Tyler fell out of swing one September Saturday, ending up with two broken arms. After Clark and I had calmed him down, gotten him to the doctor, and casts on both arms, I ran to Eve's to cry. I remember sitting on her couch, in tears, thinking how terrible of a mother I was, what a failure I was, and wondering how I could handle a 2 year old and a 5 year old in casts. Eve taught me that every child breaks a bone, has stitches, lives life. Eve taught me there were some things I couldn't prevent - whether a broken bone or cancer.
Eve let me into her house - and I cleaned, while she sat in her recliner and visited with me. She taught me how to serve and how to receive. I scrubbed her kitchen cabinets, cleaned the floors, washed walls and windows, and we visited. She told me why her family called her "Toots," and why she wanted to live, and die. She knew her time was short, but she was determined to leave each of her children a letter from Mom, a journal with pictures, and see her youngest child baptized. She let me take her to her bed, prop pillows around her, rub her wounds with salve, put lipstick on her lips, lightly brush her short red hair.
We moved to Alabama; Eve and I talked on the phone; she wanted to know all about my experiences - details. Who had I met, where did I go, what did I eat, how I lived life there. I lived my Alabama life for me and for her - by this time she was bed-ridden, refusing to go to the hospital, praying to hold on until her second daughter was married.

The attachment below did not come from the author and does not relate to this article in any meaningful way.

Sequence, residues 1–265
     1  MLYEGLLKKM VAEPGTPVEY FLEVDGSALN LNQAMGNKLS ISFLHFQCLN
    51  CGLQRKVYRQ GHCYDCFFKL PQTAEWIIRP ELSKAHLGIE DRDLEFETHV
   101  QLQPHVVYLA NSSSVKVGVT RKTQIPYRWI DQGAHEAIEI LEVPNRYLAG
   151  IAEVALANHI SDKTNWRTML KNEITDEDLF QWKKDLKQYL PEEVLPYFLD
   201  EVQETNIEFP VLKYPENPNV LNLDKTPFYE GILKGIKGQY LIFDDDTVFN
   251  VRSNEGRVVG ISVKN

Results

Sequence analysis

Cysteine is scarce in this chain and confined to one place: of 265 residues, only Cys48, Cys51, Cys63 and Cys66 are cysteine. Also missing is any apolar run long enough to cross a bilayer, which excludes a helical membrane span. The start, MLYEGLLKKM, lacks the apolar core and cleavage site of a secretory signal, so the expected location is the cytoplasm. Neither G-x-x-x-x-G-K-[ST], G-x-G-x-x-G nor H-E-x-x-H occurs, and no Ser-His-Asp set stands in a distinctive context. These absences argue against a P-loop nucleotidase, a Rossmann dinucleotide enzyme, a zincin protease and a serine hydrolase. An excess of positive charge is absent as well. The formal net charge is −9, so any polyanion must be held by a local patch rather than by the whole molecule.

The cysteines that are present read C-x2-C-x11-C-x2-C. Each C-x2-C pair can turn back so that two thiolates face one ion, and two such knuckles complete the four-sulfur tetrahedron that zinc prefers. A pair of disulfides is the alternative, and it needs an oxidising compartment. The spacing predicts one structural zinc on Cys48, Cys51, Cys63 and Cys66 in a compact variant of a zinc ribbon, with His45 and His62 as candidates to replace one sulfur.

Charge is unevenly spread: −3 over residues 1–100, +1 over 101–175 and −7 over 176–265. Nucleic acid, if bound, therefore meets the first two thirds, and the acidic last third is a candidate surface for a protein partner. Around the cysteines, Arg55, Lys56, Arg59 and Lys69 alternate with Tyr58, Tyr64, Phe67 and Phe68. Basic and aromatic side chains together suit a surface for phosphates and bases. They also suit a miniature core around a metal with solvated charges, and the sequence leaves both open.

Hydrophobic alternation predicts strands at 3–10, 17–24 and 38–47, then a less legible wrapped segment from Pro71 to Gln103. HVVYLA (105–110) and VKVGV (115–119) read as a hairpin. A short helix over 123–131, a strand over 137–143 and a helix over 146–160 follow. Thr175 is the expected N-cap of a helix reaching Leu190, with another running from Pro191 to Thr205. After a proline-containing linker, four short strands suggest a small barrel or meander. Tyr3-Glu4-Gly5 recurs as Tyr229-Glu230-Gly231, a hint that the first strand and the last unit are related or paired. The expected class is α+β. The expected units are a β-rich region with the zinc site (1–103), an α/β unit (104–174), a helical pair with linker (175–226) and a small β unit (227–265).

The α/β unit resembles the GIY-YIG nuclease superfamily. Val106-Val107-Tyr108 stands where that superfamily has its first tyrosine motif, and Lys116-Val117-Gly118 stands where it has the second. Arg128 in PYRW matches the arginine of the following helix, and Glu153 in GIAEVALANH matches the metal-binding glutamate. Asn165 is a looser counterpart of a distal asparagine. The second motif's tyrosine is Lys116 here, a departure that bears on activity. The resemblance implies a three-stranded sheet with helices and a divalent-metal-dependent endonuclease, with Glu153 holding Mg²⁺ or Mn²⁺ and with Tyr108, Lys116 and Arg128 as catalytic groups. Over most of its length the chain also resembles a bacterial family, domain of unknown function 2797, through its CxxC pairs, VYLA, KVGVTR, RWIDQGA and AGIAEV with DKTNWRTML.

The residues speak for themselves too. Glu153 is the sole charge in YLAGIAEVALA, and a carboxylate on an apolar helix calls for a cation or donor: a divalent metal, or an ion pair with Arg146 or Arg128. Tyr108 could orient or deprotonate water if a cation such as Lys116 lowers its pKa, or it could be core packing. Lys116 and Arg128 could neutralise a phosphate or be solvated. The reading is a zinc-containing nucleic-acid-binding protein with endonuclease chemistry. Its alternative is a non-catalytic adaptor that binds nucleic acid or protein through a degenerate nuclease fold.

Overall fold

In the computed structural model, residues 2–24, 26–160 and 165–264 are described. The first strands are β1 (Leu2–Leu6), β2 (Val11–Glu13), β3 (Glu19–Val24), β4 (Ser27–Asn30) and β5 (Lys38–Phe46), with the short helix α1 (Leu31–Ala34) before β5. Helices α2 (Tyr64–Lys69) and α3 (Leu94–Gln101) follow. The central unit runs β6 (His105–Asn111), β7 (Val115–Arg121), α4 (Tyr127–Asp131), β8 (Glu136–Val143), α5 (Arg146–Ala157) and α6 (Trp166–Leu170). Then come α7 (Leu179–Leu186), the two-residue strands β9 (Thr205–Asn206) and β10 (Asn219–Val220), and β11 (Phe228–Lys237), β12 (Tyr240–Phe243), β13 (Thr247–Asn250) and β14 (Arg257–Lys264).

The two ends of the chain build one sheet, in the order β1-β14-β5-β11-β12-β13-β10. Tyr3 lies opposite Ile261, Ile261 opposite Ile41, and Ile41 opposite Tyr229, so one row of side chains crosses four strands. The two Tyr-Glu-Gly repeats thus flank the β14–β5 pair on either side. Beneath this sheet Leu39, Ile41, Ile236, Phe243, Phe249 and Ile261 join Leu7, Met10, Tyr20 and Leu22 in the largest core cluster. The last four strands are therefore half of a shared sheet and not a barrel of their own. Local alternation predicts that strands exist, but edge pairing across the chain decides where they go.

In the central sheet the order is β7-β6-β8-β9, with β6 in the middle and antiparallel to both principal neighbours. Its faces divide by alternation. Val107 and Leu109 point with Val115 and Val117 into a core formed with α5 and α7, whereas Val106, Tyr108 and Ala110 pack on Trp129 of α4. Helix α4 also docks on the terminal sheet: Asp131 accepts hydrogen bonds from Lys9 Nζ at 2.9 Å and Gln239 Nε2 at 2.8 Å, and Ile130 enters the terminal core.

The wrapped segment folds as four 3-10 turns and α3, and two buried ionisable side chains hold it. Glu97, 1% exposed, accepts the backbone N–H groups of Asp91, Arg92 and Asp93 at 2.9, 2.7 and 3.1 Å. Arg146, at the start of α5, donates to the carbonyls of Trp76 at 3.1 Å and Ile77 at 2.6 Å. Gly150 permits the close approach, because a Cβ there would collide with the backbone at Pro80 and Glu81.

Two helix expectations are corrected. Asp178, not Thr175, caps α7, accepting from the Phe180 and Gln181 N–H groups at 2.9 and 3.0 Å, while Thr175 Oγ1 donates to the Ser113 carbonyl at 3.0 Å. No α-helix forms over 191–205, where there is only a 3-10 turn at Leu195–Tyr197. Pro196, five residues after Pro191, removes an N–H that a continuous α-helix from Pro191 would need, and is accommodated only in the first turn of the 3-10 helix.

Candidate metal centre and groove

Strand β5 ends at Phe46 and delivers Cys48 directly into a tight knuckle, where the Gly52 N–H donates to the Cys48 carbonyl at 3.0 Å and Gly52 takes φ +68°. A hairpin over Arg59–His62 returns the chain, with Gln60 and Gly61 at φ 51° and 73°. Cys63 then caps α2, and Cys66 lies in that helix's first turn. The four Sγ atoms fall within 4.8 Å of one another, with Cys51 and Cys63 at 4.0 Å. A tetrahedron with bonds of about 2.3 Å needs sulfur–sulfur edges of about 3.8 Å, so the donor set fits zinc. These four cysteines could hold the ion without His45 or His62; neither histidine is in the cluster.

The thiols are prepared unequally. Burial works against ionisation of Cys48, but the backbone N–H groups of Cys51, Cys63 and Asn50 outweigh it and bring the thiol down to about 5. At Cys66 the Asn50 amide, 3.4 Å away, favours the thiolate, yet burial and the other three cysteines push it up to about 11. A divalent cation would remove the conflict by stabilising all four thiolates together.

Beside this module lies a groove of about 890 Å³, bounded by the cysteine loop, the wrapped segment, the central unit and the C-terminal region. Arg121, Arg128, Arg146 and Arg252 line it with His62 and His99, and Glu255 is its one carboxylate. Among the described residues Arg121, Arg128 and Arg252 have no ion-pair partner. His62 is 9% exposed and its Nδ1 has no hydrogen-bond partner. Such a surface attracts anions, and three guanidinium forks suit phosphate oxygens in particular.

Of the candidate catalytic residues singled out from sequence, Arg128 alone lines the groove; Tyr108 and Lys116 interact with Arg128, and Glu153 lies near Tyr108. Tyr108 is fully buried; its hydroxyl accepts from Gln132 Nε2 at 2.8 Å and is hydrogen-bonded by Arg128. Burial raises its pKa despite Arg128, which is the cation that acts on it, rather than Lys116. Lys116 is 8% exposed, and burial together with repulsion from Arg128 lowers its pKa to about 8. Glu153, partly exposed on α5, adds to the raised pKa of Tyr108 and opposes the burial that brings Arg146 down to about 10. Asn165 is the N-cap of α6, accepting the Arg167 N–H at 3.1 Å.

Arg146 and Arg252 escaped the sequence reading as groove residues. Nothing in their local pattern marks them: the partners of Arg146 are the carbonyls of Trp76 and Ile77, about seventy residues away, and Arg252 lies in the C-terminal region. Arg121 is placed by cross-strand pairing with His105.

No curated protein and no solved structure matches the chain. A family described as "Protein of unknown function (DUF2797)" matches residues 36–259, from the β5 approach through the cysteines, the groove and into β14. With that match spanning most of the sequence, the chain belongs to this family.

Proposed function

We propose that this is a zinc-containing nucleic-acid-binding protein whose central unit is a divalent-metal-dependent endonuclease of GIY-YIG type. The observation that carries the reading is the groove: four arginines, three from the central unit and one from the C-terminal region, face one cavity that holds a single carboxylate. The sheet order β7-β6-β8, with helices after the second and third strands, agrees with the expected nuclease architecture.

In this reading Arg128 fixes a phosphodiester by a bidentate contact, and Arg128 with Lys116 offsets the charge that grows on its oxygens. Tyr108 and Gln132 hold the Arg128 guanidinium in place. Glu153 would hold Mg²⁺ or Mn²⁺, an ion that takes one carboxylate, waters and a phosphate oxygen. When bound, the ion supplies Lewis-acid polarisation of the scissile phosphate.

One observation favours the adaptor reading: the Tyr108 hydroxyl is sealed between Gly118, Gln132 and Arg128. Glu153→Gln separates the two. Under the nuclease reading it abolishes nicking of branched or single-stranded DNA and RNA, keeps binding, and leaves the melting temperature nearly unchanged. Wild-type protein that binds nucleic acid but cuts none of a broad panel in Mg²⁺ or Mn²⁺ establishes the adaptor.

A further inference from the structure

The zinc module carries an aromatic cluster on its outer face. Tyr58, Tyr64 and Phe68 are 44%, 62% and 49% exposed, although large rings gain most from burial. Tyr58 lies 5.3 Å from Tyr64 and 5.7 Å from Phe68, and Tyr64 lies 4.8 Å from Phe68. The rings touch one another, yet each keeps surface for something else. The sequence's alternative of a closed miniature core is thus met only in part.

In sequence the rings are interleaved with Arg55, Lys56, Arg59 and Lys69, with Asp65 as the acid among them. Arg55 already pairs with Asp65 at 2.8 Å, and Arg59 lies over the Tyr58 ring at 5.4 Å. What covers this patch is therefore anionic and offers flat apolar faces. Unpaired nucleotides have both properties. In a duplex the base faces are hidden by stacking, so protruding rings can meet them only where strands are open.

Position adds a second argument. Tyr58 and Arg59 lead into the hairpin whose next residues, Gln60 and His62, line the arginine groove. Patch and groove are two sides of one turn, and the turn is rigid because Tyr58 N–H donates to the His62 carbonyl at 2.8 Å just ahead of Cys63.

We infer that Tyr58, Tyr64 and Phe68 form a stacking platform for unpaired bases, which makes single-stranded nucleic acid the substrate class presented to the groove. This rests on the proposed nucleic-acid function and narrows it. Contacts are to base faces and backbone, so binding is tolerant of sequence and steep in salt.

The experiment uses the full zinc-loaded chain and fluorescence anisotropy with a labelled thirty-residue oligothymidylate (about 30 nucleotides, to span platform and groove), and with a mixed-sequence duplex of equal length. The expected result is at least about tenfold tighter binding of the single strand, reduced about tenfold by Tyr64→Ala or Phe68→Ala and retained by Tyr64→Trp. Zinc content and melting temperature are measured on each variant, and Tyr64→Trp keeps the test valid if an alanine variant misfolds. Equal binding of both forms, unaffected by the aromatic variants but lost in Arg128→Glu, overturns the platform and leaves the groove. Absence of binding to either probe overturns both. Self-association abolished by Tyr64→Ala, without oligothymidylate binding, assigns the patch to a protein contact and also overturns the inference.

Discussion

We returned to Utah that summer, and we were able to attend a wedding reception, a shared reception - a friend's second marriage, and Amber's wedding, and Eve - sitting surrounded by pillows, a ghost of herself, in her halo, smiling, but in immense pain. We visited for a short time, she told me this would be our last visit, that she was dying, her youngest had been baptized, her letters were written. I knew. I asked if she wanted me home for her funeral, she said no, but that she would let me know when she had reached the other side. Eve loved butterflies - she told me she'd send a butterfly to check on me. I cried, cried, cried.
One month later, a late August Saturday, the day of Eve's funeral, we were at church for a baptism. After the baptism, outside visiting, I mentioned that my friend's funeral was being held at that same time. I cried, my friend comforted me, a white butterfly landed on my music book, and I felt at peace.
Eve made me promise her two things, before she died. One - that I dance, that I embrace life, that I choose happiness - I have, for the most part. Life has not always given me dance music, but when I can, I dance. The other - that I do monthly self-breast checks and get yearly mammograms when I turned 40. I've done this - diligently. My mammograms are always in August or September. Every October I tie a pink ribbon on my purse in her honor.
Eve - today, Oct. 1, Breast Cancer Awareness Month, this memorial is for you. Thank you for teaching me, guiding me, saving my life. I love you, I miss you every day. My love -